Open Urban Planning: CityScope | An interactive LEGO City | MIT’s MediaLab

CityScope Project is a powerful tool created by MIT’s MediaLab that uses augmented reality to quickly and simply model the effects of large-scale urban-planning decisions, allowing urban planning to be more accessible to everyone. The technology employs TIM, a tangible-interactive rapid prototyping environment for matrices of data. TIM uses an array of optically tagged LEGO bricks on the tabletop with overhead projectors that beam color-coded metrics onto each brick: a combination of computer vision and 3D projection mapping.

Overview from MIT’s MediaLab: “We develop simulation systems to predict and quantify the potential impact of disruptive interventions within new and existing cities. We place a special emphasis on augmented reality decision support systems (ARDSS) that facilitate non-expert stakeholder collaboration within complex urban environments. Such systems blend hardware, software, human interface design, cloud computation, and variants of so-called big data. “CityScope” is an open source platform for shared, interactive computation.”

This technology works at follows: every LEGO piece has a special chip that communicates with the overhead projectors, which beams metrics affected by each decision onto the new configuration. So, chips of each brick are assigned a user-determined variable such as “150-unit residential building,” “2-ha park” or “4-lane road”; and other variables such as walkability, access to jobs, housing or open space can easily be estimated in the following way: once assembled on the tabletop, the objects are able to represent an existing neighborhood, city or region, and users are able to pick up and insert, move or remove individual components while this changes to the city are visually revealed in real-time by changing color-codes projected onto the pieces. For example, if you placed a “150-unit residential building” piece onto a previously empty plot of land, the color of the street in front of the new building would change to indicate a quantifiable increase in traffic density. Thus, users from any background can configure the table collaboratively.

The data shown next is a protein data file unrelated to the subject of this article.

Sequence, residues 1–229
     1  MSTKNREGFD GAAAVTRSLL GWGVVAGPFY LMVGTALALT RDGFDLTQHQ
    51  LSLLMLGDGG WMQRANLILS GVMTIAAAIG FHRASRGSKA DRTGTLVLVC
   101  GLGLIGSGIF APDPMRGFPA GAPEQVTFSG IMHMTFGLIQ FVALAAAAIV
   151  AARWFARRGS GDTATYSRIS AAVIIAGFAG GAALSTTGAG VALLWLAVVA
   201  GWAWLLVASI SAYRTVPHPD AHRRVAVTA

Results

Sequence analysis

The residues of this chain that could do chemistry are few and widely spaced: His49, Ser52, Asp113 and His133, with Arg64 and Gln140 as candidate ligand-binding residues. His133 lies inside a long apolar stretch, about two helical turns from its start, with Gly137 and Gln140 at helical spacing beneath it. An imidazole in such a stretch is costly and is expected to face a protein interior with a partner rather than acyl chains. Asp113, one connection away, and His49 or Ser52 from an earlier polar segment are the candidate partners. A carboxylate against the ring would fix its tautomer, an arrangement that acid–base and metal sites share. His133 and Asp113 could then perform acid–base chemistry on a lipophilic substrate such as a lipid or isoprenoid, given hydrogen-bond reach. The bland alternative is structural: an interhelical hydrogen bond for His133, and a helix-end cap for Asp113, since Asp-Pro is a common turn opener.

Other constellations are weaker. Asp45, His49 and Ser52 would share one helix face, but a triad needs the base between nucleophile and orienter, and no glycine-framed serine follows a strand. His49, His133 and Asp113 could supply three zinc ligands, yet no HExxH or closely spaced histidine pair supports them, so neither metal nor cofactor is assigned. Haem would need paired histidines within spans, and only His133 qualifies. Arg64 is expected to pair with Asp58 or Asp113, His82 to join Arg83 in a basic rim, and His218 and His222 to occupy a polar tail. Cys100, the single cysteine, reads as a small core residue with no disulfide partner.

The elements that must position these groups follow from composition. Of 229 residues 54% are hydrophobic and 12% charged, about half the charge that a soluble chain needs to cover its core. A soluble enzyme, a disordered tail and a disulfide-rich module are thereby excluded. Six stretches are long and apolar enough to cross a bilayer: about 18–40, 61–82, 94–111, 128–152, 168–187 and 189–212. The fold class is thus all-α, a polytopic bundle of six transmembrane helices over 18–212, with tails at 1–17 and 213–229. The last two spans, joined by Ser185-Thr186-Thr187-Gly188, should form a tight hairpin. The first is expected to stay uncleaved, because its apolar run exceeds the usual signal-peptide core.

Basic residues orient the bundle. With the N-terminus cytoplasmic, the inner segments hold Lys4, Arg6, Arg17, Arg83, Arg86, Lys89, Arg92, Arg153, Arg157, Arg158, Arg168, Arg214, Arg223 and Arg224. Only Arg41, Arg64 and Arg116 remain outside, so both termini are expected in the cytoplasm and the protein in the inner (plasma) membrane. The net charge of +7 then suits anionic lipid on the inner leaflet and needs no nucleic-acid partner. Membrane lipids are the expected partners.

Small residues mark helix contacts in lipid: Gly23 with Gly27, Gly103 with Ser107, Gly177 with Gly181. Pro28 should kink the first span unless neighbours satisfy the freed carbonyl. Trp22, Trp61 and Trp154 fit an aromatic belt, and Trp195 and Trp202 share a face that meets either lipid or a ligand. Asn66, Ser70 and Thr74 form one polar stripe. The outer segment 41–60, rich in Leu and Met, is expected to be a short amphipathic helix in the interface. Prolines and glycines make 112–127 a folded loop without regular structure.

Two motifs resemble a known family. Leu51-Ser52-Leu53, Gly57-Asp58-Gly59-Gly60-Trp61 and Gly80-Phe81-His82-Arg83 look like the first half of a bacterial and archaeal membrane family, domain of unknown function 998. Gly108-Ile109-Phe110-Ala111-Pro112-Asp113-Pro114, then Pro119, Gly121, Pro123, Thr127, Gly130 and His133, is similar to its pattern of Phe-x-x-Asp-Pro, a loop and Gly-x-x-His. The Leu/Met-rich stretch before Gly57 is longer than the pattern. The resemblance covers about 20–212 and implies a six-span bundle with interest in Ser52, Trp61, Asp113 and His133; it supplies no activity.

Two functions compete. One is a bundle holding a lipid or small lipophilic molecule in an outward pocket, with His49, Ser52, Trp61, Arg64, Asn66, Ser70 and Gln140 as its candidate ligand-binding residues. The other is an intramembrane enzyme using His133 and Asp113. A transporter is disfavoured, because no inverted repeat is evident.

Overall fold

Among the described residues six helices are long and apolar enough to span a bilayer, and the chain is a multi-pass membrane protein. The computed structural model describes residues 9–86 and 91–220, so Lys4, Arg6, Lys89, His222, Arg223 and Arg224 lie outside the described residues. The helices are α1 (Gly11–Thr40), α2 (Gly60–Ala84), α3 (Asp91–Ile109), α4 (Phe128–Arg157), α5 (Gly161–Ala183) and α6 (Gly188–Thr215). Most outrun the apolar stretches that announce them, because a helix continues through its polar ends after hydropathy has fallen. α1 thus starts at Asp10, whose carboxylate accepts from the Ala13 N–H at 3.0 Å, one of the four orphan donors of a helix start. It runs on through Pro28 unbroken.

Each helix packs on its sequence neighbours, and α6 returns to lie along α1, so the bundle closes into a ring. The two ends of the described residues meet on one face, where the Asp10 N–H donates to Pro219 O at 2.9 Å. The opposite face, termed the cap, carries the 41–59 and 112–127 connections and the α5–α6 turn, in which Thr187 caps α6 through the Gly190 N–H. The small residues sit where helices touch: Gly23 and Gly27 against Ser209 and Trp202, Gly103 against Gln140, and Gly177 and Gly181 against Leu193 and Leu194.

Perhaps, the most important value of this technology as a tool of management and governance is the ability to offer information about specific locations: building legislation, transportation systems, walkability, access to jobs, etc. The CityScope method is well suited to model the physical effects of zoning and building regulations, and it can be considered as a repository for hyper-local concerns, public meetings regarding zoning or building projects, allowing planners to easily communicate with their constituency in a more clear and accurate manner.

In conclusion, the beauty and perhaps the most important feature of CityScope rests in its ease of understanding and simplicity of use, being a great example of a technology that adapts to the actions of people instead of the other way around. In other words, allowing urban issues to be more accessible for everyone and providing a much higher level of transparency and accountability than we are used to today.

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